Can Google Enhance Its Advertising Rates?

| About: Alphabet Inc. (GOOG)

Google Inc. (NASDAQ:GOOG) operates a search engine website and owns the rights to the Android mobile operating system. The company has a market cap of $297 billion and a stock price of around $890.

With 900 million unique monthly users, Google is far and away the most popular internet search engine provider. The next closest search engine providers are Bing which is owned by the Microsoft Corporation (NASDAQ:MSFT) with 165 million unique monthly users, and Yahoo (NASDAQ:YHOO) which has 160 million unique monthly users.

Google's position as the #1 search engine provider has made it possible for the company to consistently grow earnings. Over the last five years, it has increased its revenues by an average of 26% per year and its net income by an average of 31% per year. In the second quarter, the company's year over year revenues were up 19% to $14.1 billion. The net income increased by 16% to $3.23 billion. Even though Google' earnings increased investors were not impressed because all but $1 billion of its revenues came from advertising, and their advertising rates declined.

Google's earnings looking forward

Despite Google's strong history of growing revenues, it is generally acknowledged that it needs to diversify its income stream. The company now has a number of up and coming projects that could help it to diversify and improve its income stream, and three of them look quite interesting. Its three most promising initiatives are its Enhanced Campaigns initiative, its Motorola Mobility offerings, and its driverless car project.

The Enhanced Campaign was designed to help Google increase its sagging advertising rates. In the past quarter, the number of clicks on Google websites was up 23%, but the cost per click was down by 6%. Advertising rates decreased because marketers were unwilling to pay the higher desktop advertising rates for ads that were run on mobile computing devices. Recently Google's CFO Patrick Pichette acknowledged the problem that increased mobile use has caused and said "Clearly mobile has had an impact." In order to overcome the lower mobile advertising rates, Google began its Enhanced Campaign project which will force marketers to buy advertising for mobile computers and desktop computers in one package. During the second quarter earnings call despite lower advertising rates Google's CEO Larry Page reiterated his support for the Enhanced Campaign initiative saying "It's the very early stages of a major change."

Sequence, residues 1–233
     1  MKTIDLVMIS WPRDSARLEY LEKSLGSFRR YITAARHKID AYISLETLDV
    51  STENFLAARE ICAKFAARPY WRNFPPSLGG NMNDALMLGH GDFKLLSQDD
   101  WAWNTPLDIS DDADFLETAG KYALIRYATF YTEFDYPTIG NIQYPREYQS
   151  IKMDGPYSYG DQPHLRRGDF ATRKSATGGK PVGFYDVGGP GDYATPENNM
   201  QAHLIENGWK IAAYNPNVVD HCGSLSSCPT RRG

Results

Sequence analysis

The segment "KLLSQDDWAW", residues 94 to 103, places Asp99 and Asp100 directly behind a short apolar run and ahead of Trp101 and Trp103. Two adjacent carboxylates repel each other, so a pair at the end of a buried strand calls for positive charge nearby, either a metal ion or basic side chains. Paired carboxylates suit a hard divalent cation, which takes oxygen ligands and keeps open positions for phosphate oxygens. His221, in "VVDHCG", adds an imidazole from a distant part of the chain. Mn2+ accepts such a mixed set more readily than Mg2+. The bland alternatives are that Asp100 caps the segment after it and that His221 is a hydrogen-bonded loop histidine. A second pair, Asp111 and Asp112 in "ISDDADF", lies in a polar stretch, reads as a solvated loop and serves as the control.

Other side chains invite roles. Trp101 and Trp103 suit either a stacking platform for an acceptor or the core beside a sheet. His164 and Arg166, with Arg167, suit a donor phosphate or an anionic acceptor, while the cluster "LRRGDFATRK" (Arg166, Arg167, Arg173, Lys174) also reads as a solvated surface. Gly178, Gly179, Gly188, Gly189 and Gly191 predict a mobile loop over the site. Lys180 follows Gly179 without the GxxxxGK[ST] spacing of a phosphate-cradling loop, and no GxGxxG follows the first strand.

A second project that Google executives believe will help to diversify the company's earnings is its Motorola Mobility unit. The unit was purchased for $12.5 billion in 2011 and has been losing money ever since. Critics have wondered why Google ever made the purchase. The unit has been bleeding cash, since it was purchased in 2011 and in the second quarter it had an operating loss of $342 million. However now that the full benefits of the purchase have finally become clear, buying Motorola Mobility looks to be a smart move. In April of 2013, the company was awarded $1.7 billion in a patent lawsuit against the Microsoft Corporation. The company received another $2.35 billion from the sale of Motorola's set top box business. Finally, the company will realize approximately $6.5 billion in tax benefits, as a result Motorola Mobility's net operating losses. When these gains are added up Google, is left with the Motorola handset unit and its many patents for a cost of $1.5 billion.